Home seller questions agent ethics

© 2015 Richard Montgomery

Reader Question: This is an agent ethics question. An agent of a real estate firm gave us an estimated price they can get for our home, and we signed on with them on that basis. Now, another agent of the same firm brought a prospect through and told them our house is priced too high. Is this ethical? Myron G.

Monty’s Answer: The answer to your question is elusive because your question does not reveal a number of important details. Also, every state has their rules and statutes that vary significantly, so location contributes to complexity and misinformation. Finally, there are several components of real estate that impact on your question; valuation, agency law and ethics.

​It is not clear how you came to learn the other agent told the buyer the house was overpriced. Did you hear the other agent say this to the buyer? Did your listing agent tell you? Did the other agent tell you, or did the prospect tell you? The information source can be a key ethics consideration.

For example, if the prospect shared this information with you the information should be considered suspect. The prospect has self-interest in sharing this kind of information. There is a book about real estate named “Buyers are Liars, and Sellers are too!” Unless you heard the agent make the statement to the buyer, or the other agent told you directly your home was overpriced, it may stretch the truth.

Consider home evaluation

Valuing homes is not an exact science. Unless your home is a tract home in a tract subdivision where comparables are everywhere, even experts will disagree on the value. Learn more about determining a home’s value at dearmonty.com

A real estate agent in my home state telling a prospect a home is overpriced is both illegal and unethical. The exception is an agent with a written buyer agency contract. With a buyer agency agreement in place, the agent could share their opinion of value. Without that agreement, they could share comparable sales information that pointed to a lower value, but not state their opinion.

Evaluating a home is not an exact science, but an art. Today’s real estate aggregators are notorious for inaccuracy. Real estate agents and appraisers, who have physically inspected the home can have price opinion differences of twenty percent on a home. The fewer the comparable sales and the further a home is “outside the box” is the time when opinions of value will most likely be dissimilar.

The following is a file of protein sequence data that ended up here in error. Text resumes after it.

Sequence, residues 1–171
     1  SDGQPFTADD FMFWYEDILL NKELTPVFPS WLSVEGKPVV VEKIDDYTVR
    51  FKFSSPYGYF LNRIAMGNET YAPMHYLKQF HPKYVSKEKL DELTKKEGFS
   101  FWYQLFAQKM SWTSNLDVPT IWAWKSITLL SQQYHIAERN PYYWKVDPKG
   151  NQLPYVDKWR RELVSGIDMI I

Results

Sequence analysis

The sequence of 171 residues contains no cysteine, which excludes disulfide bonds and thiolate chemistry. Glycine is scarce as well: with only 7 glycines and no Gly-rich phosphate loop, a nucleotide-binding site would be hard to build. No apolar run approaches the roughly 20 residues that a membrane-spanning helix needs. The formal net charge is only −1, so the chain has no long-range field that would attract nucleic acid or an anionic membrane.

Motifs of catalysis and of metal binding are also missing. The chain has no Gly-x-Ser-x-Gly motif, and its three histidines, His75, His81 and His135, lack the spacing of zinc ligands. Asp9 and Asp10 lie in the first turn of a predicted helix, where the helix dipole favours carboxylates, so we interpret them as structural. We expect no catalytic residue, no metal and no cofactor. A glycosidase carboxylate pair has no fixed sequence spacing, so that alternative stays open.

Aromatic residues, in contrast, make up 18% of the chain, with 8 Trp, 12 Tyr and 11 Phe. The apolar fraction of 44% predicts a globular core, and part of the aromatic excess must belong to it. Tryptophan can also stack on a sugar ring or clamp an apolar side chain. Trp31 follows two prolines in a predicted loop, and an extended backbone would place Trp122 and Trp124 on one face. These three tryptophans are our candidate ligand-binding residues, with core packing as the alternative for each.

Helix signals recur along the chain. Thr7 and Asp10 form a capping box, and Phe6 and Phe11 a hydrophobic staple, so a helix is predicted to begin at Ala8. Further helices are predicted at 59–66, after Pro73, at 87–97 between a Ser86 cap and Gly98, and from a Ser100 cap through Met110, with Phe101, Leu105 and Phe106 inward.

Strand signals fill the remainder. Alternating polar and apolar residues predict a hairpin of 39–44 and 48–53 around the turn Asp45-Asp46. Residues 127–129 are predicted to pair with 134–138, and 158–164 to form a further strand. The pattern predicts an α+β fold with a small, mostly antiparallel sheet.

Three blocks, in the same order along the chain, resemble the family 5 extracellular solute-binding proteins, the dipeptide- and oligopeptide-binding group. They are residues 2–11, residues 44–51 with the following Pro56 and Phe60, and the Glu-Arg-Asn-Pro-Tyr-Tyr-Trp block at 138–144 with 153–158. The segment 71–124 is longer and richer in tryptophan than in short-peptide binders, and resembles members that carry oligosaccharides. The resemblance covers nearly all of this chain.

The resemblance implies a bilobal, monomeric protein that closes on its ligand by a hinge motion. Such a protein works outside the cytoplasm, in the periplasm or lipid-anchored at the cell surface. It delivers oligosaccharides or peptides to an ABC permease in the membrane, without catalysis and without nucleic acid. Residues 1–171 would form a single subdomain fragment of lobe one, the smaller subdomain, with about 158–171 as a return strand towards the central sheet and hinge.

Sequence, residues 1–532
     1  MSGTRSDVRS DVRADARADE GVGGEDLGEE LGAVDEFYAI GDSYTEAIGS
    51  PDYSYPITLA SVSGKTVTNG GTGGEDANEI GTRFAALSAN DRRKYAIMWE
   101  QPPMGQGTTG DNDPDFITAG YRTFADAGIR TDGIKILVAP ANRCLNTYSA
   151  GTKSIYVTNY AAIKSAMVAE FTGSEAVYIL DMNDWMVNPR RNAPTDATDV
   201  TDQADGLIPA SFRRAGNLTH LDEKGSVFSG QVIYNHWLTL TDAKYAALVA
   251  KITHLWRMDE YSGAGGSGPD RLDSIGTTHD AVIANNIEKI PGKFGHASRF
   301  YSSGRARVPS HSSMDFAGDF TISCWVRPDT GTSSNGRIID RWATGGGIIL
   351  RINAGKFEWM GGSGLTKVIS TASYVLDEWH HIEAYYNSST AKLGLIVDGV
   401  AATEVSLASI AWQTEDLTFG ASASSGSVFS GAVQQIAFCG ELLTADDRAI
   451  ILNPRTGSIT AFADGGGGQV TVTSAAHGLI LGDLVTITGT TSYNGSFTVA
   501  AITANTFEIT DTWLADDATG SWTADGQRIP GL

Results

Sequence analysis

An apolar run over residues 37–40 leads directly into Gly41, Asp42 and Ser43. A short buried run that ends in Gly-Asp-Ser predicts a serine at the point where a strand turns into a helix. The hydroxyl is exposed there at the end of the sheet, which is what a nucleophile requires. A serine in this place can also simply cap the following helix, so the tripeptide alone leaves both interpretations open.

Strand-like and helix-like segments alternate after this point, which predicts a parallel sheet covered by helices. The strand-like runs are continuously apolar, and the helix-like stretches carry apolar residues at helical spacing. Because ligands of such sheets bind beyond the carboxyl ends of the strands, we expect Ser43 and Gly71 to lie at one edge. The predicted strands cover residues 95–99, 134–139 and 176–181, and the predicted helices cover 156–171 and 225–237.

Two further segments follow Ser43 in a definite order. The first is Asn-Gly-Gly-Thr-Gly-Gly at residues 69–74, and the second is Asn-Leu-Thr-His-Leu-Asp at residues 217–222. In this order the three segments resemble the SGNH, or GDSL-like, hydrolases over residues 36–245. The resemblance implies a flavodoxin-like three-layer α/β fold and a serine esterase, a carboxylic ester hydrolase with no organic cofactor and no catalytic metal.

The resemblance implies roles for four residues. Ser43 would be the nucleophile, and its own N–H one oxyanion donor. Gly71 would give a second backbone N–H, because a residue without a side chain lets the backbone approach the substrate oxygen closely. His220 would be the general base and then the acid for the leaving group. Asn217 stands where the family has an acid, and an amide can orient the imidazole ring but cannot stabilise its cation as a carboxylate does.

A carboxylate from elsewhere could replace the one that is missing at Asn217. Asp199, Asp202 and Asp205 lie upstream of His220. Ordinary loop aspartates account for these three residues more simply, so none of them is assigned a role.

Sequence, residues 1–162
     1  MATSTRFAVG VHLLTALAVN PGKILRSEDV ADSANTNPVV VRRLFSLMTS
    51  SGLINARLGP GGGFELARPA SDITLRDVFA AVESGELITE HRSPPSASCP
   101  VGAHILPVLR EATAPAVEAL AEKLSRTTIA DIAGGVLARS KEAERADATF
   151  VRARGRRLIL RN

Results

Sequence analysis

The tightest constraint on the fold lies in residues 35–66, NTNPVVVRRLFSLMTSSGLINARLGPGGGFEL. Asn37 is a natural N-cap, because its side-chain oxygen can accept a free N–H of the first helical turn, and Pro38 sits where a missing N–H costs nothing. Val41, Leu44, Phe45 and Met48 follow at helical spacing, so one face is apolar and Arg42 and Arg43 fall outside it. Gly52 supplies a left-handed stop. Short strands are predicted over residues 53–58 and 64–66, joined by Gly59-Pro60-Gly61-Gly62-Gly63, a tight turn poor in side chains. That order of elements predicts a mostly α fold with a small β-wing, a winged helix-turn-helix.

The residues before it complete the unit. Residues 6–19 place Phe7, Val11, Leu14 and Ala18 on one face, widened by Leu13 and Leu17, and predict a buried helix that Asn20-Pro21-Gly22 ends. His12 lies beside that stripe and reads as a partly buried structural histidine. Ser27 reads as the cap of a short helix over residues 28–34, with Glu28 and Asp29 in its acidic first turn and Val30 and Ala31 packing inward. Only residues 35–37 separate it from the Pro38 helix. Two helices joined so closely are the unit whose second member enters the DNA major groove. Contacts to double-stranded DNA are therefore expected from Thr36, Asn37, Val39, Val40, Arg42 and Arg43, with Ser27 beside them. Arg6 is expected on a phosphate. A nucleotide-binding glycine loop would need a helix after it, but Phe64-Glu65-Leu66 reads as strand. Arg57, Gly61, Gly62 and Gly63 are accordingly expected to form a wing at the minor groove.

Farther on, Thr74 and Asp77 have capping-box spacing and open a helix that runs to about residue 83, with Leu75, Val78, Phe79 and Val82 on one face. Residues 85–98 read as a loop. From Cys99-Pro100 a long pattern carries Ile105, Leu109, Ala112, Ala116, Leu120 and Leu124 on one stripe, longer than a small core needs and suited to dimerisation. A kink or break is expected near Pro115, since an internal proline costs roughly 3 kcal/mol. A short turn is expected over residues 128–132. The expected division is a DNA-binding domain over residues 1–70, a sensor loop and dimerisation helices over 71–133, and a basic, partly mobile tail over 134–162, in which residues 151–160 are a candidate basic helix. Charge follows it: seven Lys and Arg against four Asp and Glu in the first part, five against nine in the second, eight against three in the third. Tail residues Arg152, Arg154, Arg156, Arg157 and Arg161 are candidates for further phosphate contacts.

Consider agency law

Agency law is confusing for consumers and agents. Even if the agent did not know better, ignorance is no excuse in the eyes of the law. From a practical point of view, until real estate agents and consumers are required to wear body cameras, it is impossible to monitor everything they say to each other. If it is true, the other agent said the house is overpriced, what makes it a bit unusual is that it got back to you. Most real estate agents would not do it as a matter of practice, but to start a negotiation, some agents will suggest a lower price.

Consider Realtor ethics

Realtor ethics can be difficult to interpret. A link the NAR Code of Ethics http://bit.ly/1wnWixZ demonstrates the complexity of the document. One of real estate’s most difficult tasks is compiling the circumstances, chronology of events and the participants statements for an ethics hearing. Laws and rules are constantly evolving, business practices and models change and the rules are modified based on these changes. In the situation you described in your question, the other agent could be unethical or squeaky clean.

Turn a lemon into lemonade

Consider using this encounter to your advantage. Does your listing agent know this happened? An article titled “ Challenging a real estate appraisal ” on DearMonty.com demonstrates how to make calculations for determining these adjustments. Ask your agent if they can demonstrate to you, using adjustments between comparable sales, their opinion of value.

Ask the other agent to show you the comparable sales they used to determine the house is overpriced. If either agent balks call the designated broker and ask for their help.

If you have the time or inclination to do this, you may learn more about the indicated value of your home. Even though, the second agent may have used poor judgment with whom they chose to share their opinion about the value, what if they are right?